Core curriculum programs traditionally have been the primary resource for classroom instruction in most K-12 academic subjects, and as a result, enrollment trends are a major driver of industry growth. Although economic cycles may affect short-term buying patterns, school enrollments, a driver of growth in the educational content industry, are highly predictable and are expected to trend upward over the longer term.

Demand for core curriculum programs is also affected by changes in state curriculum standards, which drive instruction, assessment, and accountability in each state. A significant change in state curriculum standards requires that assessments, teacher training programs, and instructional materials be revised or replaced to align to the new standards, which historically has driven demand for new comprehensive curriculum programs.

In the U.S., core curriculum is typically selected and purchased at the school district level and, in some cases, at the individual school level. In 19 states, before districts make their selections, programs are first evaluated at the state level for alignment to state academic standards and other criteria. These states are commonly referred to as “adoption states,” while states that do not have a state level review process are called “open states” or “open territory states.” The National Center for Education Statistics estimated the student population in adoption states represented approximately half of the U.S. public school elementary and secondary school-age population in 2020. In some adoption states, districts are required to select materials from the state-adopted list; in other adoption states, the state list serves as a recommendation, and districts are free to purchase and use any materials they choose, whether or not adopted by the state. Adoption states typically review materials in the various subject areas on a six- to eight-year cycle. School districts in those states tend to follow the state review cycle and replace core programs in the year or years immediately following state adoption. In open territory states, each individual school or school district evaluates and purchases materials independently, typically according to a five- to ten-year cycle. As a result, in individual adoption states, purchases of core instructional materials in a particular subject area tend to be clustered in a window of one to three years, while in individual open territory states they may occur over several years.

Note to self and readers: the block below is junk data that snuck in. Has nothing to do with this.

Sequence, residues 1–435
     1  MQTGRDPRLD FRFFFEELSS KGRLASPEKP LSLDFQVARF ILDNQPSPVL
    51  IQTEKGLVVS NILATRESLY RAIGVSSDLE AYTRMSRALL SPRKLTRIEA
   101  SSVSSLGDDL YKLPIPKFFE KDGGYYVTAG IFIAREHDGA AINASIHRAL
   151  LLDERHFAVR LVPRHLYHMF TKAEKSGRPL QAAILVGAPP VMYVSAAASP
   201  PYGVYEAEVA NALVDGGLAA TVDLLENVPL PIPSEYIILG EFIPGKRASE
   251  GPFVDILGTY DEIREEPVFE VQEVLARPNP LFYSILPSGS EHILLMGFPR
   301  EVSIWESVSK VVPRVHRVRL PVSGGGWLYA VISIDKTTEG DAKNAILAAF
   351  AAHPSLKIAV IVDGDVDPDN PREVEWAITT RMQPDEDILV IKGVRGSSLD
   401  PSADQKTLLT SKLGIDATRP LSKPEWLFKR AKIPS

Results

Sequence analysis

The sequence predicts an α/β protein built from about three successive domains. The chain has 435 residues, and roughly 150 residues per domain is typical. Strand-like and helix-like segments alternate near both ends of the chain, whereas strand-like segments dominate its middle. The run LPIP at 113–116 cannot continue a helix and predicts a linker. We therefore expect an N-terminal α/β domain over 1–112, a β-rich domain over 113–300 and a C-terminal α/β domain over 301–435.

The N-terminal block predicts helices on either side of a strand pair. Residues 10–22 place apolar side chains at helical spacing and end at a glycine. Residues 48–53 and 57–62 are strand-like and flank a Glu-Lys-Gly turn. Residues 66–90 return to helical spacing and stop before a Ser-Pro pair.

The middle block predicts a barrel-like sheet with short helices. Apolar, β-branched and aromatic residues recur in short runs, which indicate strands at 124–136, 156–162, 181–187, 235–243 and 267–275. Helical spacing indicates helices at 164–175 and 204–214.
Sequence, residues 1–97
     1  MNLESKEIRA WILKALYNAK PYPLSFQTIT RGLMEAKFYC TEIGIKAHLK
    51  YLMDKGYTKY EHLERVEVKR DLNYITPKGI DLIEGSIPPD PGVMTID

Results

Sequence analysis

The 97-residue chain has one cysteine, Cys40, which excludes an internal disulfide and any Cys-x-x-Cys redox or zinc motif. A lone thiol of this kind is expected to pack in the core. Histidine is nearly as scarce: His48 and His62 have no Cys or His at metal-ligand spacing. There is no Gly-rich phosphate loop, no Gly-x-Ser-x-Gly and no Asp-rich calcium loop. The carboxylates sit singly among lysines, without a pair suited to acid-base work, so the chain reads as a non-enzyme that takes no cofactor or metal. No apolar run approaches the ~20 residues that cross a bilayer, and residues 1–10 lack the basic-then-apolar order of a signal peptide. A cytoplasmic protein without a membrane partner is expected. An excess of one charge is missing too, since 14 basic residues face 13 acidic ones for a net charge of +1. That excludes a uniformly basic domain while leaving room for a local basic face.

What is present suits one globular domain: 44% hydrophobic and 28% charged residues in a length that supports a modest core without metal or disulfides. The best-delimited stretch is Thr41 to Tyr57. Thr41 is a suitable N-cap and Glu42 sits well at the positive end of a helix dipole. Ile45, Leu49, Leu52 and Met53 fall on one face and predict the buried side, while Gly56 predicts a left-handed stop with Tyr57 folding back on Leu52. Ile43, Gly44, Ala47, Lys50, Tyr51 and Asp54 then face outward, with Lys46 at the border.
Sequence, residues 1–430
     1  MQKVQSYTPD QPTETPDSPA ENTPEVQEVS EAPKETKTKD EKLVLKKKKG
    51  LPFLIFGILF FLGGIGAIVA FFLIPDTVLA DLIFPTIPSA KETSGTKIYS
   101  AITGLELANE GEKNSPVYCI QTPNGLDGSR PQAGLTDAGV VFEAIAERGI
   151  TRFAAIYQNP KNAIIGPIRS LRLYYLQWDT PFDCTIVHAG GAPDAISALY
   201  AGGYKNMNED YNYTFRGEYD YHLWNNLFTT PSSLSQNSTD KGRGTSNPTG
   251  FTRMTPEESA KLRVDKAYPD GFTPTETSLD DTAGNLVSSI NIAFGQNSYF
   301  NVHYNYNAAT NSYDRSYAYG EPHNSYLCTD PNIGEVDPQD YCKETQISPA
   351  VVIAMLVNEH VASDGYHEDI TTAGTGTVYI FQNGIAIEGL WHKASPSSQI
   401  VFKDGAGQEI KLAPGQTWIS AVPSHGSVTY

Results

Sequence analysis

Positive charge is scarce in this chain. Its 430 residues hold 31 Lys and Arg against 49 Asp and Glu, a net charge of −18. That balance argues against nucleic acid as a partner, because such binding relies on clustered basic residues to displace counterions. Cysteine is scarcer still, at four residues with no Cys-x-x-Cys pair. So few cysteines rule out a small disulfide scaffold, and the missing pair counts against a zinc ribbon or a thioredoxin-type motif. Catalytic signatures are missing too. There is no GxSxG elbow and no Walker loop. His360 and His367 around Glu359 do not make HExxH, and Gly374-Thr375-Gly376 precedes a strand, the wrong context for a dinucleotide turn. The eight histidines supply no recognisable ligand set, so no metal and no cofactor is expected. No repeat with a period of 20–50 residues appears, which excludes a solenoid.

Supplemental